set above the Virgin Mary as "best!
and most beautiful.'' There is a se
rious. carnestness in the whole affair
though we scoffers and outsidei-s may
be unable to suppress our smiles, arid
the power of the high priests of Isis
over her votaries is a real and terri
ble as ever was that of her Egyptian
Day was trembling on the edge of
night. The sun had dropped behind
the hills and splashed t;he sky with
red.: For two hours Susan and lien
ry had been talking. Gentle reader,!
you know what they were talking'
about ? No?i Suffice it to say, what
ever it was, an amicable conclusion
had been reached. Susan was sweet
faced and tender, and the amethys
tine tints of the evening touched her
face softly. and the fading light
threw a halo about her head. .Yet she
was no spring chicken. But what
Henry had passed all the years of
his bachelorhoo '- a boarding house,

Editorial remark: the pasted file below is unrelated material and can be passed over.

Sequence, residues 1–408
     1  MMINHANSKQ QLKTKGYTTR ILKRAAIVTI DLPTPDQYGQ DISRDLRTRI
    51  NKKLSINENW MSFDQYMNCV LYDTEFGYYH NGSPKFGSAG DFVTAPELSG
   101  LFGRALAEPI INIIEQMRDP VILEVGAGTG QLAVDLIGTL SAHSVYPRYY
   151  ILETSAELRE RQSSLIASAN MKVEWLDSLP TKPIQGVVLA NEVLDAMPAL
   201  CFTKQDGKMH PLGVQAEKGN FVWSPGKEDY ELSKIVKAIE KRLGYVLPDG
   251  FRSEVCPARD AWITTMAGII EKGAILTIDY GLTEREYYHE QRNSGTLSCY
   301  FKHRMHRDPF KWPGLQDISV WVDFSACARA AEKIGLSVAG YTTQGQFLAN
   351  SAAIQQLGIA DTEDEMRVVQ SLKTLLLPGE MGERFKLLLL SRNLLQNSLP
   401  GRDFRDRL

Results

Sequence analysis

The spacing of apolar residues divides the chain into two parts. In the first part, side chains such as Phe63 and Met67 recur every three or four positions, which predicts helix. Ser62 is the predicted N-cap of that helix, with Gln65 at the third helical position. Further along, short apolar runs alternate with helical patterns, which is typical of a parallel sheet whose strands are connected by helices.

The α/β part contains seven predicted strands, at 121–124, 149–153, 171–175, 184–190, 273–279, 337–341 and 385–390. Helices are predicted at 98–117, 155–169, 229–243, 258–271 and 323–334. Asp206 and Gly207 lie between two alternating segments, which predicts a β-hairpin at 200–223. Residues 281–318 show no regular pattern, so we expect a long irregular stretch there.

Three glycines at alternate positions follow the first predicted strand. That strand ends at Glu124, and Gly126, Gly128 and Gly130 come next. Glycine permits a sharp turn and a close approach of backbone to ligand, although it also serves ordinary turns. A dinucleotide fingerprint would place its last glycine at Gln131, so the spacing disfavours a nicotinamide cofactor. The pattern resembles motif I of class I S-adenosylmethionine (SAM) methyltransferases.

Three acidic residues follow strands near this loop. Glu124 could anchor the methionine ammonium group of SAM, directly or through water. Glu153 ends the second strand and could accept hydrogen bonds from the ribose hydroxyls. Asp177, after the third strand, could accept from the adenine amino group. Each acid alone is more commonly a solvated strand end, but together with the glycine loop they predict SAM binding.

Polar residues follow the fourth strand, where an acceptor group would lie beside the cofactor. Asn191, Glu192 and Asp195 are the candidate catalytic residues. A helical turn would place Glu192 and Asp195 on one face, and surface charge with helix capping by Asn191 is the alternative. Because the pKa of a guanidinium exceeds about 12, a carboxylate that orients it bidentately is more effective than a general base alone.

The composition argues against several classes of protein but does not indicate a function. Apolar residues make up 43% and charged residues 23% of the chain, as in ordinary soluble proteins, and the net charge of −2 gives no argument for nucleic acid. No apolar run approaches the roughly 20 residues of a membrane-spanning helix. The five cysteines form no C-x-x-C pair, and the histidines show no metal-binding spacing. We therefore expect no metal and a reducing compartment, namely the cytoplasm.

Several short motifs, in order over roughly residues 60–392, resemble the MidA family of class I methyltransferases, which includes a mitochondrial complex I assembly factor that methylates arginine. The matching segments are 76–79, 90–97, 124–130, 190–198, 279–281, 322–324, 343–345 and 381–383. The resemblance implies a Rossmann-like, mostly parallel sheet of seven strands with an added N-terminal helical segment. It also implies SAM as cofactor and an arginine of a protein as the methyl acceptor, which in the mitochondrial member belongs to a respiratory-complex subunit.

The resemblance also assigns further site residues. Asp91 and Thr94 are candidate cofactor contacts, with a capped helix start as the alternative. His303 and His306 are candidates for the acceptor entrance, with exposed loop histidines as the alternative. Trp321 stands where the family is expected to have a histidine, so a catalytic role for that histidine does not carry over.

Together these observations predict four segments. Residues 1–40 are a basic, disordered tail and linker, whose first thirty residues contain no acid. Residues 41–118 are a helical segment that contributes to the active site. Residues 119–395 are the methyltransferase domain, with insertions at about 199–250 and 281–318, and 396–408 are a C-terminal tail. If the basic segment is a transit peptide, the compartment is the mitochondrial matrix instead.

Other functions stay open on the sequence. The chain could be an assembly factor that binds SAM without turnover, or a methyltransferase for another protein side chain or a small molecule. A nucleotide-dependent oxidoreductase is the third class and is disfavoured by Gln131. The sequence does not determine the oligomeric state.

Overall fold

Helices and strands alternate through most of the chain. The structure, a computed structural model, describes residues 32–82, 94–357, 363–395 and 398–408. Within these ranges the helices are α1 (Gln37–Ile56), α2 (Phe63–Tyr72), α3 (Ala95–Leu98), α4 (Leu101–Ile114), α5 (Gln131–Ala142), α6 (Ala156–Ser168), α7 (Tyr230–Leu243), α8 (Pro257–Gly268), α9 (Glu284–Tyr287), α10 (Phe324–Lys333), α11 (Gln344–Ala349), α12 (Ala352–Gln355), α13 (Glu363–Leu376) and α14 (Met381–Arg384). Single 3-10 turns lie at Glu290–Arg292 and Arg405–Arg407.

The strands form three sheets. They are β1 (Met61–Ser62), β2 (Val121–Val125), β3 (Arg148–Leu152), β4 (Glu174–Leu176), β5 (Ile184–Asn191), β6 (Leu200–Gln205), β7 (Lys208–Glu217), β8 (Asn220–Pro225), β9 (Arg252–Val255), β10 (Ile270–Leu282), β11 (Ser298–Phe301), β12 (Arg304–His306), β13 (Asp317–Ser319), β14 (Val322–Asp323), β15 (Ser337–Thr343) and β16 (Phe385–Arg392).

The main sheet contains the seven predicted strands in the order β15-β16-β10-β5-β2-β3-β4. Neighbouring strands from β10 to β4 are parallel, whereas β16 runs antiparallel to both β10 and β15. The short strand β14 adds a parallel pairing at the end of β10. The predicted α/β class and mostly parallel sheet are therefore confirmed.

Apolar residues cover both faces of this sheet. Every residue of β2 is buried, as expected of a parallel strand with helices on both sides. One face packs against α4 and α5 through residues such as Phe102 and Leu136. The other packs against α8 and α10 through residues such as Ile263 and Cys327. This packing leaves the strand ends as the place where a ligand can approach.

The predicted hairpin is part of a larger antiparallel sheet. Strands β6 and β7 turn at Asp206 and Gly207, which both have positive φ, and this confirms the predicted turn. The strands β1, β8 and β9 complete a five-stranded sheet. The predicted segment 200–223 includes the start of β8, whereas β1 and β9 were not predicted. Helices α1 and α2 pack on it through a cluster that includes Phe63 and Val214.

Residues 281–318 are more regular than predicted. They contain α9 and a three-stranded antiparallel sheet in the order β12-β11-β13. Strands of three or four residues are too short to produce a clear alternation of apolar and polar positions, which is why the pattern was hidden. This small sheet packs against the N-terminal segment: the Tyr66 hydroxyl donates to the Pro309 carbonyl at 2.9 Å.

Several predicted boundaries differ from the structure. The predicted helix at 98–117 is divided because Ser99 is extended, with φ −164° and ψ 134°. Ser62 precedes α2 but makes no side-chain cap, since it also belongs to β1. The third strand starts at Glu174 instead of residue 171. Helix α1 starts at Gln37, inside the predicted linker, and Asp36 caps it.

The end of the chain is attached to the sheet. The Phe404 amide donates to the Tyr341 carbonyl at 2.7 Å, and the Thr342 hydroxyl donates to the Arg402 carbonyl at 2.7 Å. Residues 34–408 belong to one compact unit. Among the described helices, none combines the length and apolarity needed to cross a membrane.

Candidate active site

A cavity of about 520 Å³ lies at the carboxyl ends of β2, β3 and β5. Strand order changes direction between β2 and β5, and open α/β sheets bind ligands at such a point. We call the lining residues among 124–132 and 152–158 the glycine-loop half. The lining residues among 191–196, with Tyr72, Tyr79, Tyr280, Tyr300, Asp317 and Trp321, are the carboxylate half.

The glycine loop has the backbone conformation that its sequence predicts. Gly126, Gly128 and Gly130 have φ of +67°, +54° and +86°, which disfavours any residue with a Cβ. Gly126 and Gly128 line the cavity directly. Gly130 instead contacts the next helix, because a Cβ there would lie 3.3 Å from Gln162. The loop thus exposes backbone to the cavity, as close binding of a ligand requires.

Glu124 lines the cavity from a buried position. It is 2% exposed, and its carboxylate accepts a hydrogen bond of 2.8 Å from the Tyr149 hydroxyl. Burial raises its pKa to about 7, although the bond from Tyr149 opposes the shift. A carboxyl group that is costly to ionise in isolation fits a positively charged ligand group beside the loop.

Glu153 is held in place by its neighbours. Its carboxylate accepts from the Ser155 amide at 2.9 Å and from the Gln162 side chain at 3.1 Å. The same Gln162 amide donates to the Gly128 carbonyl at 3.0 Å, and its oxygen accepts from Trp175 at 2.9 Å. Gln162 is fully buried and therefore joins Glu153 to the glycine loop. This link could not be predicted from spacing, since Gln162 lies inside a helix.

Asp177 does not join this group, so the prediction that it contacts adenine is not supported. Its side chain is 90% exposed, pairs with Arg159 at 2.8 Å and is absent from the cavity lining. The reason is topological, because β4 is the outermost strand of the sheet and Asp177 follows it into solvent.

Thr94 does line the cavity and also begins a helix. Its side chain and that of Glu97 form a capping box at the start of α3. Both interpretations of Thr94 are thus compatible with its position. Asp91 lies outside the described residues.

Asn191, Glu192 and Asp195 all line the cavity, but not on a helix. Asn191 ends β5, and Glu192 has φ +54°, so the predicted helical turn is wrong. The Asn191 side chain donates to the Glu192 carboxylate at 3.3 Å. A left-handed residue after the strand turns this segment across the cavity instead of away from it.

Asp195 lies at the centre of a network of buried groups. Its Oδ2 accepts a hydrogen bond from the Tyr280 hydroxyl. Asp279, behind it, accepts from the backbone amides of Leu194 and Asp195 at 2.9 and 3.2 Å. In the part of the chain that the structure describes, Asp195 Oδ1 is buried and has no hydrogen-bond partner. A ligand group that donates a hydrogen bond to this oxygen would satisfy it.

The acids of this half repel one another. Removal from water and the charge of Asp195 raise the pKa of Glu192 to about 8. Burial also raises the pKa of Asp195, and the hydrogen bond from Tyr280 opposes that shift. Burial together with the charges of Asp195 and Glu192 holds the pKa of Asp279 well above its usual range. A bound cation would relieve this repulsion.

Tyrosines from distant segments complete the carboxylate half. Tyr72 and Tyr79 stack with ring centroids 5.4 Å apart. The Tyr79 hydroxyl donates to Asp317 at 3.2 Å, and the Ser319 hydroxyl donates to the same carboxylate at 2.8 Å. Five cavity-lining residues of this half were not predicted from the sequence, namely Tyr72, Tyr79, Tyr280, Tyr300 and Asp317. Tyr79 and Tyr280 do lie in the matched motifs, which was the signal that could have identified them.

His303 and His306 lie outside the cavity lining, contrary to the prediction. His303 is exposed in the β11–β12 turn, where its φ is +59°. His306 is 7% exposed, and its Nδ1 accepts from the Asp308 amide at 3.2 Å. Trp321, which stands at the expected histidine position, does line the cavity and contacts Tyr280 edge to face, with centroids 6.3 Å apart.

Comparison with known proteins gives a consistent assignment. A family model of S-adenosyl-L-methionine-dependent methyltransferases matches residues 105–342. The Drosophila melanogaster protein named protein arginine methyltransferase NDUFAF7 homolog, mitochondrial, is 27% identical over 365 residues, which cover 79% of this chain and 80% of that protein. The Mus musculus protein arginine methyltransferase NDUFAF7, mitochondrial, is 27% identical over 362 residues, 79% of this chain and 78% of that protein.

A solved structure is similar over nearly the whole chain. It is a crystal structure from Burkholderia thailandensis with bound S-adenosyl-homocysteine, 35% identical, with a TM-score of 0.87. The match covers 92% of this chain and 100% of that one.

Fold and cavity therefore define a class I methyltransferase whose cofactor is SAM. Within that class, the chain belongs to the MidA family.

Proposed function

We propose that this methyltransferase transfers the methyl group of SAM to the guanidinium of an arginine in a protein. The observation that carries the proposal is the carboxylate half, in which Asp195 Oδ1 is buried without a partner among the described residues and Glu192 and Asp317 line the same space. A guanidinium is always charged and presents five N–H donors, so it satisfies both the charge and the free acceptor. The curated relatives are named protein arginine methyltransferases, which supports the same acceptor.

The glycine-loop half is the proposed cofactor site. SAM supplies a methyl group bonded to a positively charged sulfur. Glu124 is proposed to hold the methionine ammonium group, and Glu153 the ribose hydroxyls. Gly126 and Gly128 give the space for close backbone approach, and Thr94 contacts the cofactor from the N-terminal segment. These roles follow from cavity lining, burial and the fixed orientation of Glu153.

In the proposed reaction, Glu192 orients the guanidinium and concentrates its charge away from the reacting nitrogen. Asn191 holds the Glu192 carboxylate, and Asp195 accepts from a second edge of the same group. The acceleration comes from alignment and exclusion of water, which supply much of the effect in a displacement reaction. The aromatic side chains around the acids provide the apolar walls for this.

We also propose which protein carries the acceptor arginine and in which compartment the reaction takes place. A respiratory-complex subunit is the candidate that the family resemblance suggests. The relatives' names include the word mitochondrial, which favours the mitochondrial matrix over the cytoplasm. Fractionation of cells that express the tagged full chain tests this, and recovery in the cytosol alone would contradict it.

and couldn 't, have told skri ~ thicken
from an Old hen to save hlif his sal
Hp folded her to his throbbing
bosom and then slowly unfolded her.
"We shall be so happy." he whis
"Yes. Henry,." was the marmured
response, "and so harmnious. What
ever you say I shall believe. nqw. I
henceforth and forever."
I can never be such a husband as
you deserve, Susan," he almost sigh
-No. Henry." she eried. "i sup
pose not-, but at my time of life I
can 't afford to be .too Particular.
Come in and have some supper.
And Henry went in.
Sprinfield,-'Ohio, in Slave Times.
New York Sun.
New York. March 1.
To the Editor of the Sun:'
Sir:-"'Cast thy bread upon. the,
waters and Thou shalt. fid it after
many days'' is a Serpitural injune
hon that works both ways, and I am
reminded of it by the - trouble the!
white people of Springfield, Ohio. are
now having with their colored citi
zens. In the old days Spripgfield was
a station on the Underground railway
leading from Kentucky to the North,
and "the poor, suffering slave,'" could
bank ori meeting his white brother
there and being taken straightway to
his bosom. The passenger business on
that road was not very great andj
Springfield didn't get all the. traffic,
but it got enough for a nucleus, and
now the bread it cast-in those. days is
\coming back in a manner not as pleas
ing as it might be. My father owned
a "likely saddle-colored boy,'" worth1
about $1,200, who resided for a short
time after leaving Kentucky surrep
titiously one night, in that libertO-lov
ing town, and I hope I am not betray